Prospective members must meet certain qualifications related to their age and their company’s workforce size and annual revenue.

“YPO is a well-kept secret,” Zucker said, adding that she doesn’t think that was intentional.

She hopes to raise the organization’s visibility by revising its branding. For example, although many members participate in social impact projects, YPO has guarded its neutrality by maintaining a distance from those efforts. Now, the nonprofit is recruiting leaders who give back.

Zucker’s primary role as global chairman is to refine and execute the multi-year strategy YPO launched last year. The 44-year-old married mother of three is YPO’s second female chairman.

Moyle, a married father of three, shares another connection with Zucker. Both are graduates of Duke University. Zucker and Waterfield, a married father of four, have known each other since childhood and both attended Culver Military Academy’s summer academy for several years as teens.

Each of the three emphasized how much their families have benefited from YPO’s programs for spouses and children. Moyle’s goals as chairman included expanding programming for families.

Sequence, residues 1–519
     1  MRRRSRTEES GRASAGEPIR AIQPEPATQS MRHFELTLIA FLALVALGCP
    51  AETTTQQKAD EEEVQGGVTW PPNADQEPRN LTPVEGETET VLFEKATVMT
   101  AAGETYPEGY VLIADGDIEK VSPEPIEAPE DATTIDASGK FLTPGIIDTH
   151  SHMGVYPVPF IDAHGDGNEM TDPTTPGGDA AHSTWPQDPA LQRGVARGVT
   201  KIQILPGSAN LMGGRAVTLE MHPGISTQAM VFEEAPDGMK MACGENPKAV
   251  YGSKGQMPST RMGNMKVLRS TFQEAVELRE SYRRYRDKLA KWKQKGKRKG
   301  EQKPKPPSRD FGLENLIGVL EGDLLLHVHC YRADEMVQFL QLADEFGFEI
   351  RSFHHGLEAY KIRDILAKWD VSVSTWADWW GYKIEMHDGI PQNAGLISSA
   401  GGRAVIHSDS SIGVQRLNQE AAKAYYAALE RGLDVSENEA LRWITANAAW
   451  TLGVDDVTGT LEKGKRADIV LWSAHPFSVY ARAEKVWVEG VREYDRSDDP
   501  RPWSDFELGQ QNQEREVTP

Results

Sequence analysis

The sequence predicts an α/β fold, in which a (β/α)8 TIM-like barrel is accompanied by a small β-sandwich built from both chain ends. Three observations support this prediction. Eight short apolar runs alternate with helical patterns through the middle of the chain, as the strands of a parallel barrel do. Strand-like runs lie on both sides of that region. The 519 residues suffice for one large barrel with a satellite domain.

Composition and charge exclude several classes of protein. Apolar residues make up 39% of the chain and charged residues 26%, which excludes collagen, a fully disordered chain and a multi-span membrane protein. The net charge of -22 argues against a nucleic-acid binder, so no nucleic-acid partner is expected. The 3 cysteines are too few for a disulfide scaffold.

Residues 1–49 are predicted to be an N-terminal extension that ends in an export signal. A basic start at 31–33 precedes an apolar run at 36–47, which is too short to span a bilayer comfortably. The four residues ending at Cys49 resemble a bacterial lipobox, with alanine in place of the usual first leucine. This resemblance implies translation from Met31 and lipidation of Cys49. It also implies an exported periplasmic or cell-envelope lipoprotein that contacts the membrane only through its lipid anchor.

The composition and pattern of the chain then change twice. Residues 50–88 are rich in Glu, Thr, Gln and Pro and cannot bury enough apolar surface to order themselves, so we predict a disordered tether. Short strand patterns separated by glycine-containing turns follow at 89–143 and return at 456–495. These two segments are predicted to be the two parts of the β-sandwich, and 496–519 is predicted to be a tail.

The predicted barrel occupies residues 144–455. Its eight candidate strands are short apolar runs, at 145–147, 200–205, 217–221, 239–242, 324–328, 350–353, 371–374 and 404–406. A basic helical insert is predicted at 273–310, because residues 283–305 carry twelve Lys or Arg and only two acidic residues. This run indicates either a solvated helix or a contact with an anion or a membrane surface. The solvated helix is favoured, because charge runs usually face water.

All three have worked on increasing YPO’s diversity, including promoting women to board positions.

Zucker’s goals for the coming year include encouraging people to take advantage of what YPO offers in terms of networking, education and support for themselves and their families.

“I think, like most leaders,” she said, “I want to leave the organization better than I found it.”

Moyle said the leadership organization isn’t the only one that benefited from the time he’s devoted to it.

“There’s been no more powerful impact or influence on my company than YPO,” he said, adding that members in Taiwan helped him start importing products for his retail operation.

Moyle’s many YPO contacts helped lead to his decision, announced last year, to move Shindigz’s headquarters to downtown Fort Wayne. Other cities he considered include Austin, Texas; Durham, North Carolina; and Raleigh, North Carolina.

“YPO,” he said, “is about learning from others around the world who have different experiences.”

sslater@jg.net